Meanwhile, sustained economic growth in the Global South is causing a geographic shift in the international research landscape. This scenario explores a world where the West has lost its dominance and China leads the way in healthcare research.
Harder economic times and populism in the West have curtailed international movement, and political agendas now focus narrowly on issues of national security and economic health.
In the West, contraction of higher education institutes and “brain drain” have reduced overall research capacity and output. Nations aim to fund “less, more useful” research, with a focus on demonstrating short term, tangible economic impact or benefit. Curiosity-driven research is scarce. Lower impact or negative research may be hidden if it is detrimental to impact assessment and funding allocation.
Researchers are employed by public research and healthcare facilities. Public payers focus on fast, low-cost, “real world” research on costs and benefits of healthcare interventions. Niche areas of biotech which boost industry, to which academic research has increasingly close ties, still attract national funding. Incremental advances in the UK in areas such as genetic and regenerative medicine reflect the high market value of the associated IP.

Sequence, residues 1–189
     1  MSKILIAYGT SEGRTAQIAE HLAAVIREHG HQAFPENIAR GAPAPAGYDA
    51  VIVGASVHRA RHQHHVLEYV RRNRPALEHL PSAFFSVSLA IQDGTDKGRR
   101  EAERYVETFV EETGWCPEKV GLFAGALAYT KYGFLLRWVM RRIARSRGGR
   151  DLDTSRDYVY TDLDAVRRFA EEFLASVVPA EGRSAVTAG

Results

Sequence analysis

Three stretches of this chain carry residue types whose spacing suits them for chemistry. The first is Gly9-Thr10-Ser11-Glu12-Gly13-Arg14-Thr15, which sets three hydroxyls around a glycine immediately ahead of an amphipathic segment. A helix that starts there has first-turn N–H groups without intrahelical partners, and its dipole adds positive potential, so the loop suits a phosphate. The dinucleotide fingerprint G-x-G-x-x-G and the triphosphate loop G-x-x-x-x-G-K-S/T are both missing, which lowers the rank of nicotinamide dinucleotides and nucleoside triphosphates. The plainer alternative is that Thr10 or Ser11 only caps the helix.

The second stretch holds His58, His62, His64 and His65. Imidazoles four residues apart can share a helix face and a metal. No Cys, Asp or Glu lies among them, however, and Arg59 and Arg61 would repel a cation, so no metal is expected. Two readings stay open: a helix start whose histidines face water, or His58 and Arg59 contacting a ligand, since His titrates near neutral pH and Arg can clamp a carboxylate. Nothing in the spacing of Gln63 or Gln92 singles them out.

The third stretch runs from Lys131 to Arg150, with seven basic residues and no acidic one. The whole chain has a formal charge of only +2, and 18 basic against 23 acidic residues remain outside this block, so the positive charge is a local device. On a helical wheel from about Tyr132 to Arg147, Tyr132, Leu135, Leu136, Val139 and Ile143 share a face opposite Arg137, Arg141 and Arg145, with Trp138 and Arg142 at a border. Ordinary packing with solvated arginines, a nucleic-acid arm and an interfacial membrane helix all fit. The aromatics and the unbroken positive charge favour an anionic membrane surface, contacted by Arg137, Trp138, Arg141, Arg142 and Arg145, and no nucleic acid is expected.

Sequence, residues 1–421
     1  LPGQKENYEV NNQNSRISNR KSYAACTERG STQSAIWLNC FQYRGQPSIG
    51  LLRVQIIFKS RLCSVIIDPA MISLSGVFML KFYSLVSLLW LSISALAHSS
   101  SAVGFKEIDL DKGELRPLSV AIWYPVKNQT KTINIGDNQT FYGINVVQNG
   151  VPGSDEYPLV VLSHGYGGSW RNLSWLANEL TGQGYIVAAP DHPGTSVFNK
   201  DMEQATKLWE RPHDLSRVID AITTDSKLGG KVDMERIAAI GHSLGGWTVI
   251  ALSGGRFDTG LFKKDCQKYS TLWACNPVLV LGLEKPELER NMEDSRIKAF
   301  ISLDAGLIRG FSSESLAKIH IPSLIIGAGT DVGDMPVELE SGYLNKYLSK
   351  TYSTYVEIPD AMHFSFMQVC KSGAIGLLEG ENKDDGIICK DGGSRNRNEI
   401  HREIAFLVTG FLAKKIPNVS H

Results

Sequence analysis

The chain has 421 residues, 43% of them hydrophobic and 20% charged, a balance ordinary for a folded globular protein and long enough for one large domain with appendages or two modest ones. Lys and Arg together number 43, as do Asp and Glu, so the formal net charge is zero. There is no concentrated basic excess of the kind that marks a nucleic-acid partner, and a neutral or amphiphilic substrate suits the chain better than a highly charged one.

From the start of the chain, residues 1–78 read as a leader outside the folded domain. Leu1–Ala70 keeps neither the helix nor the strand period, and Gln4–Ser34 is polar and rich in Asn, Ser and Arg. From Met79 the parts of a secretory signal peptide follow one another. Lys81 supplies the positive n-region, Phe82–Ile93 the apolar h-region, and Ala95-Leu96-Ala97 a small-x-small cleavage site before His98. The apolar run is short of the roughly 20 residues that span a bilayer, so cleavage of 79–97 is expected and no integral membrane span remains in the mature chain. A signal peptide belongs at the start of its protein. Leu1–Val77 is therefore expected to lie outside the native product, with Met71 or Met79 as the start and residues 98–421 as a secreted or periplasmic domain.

Sustained economic growth has led to the dominance of many Asian, African and South American countries, led by China which is the new global research and education powerhouse. These “emerged countries” attract the best researchers, particularly in fields with long term research objectives, which are off the agenda in many Western countries, and in traditional holistic care which is widely practised alongside Western medicine. Many experienced researchers have returned from the West to their countries of origin, using their international connections to poach the best researchers. International collaboration has, however, declined, the global open science movement has stalled and advances in precision medicine have slowed without the availability of large international data sets.
Only selected research is shared internationally. Research misinformation may be fed to competitor nations in high value fields and some cash-strapped domestic research may also be untrustworthy.
Nationally-open, local language repositories and platforms for research and data prevail. China has led the way with megasystems that allow researchers to complete most tasks at the touch of a button. Integrated, AI-powered research impact metrics assess the national economic, social, and scientific impact of all datasets, research papers, software, materials and other research outputs in real time.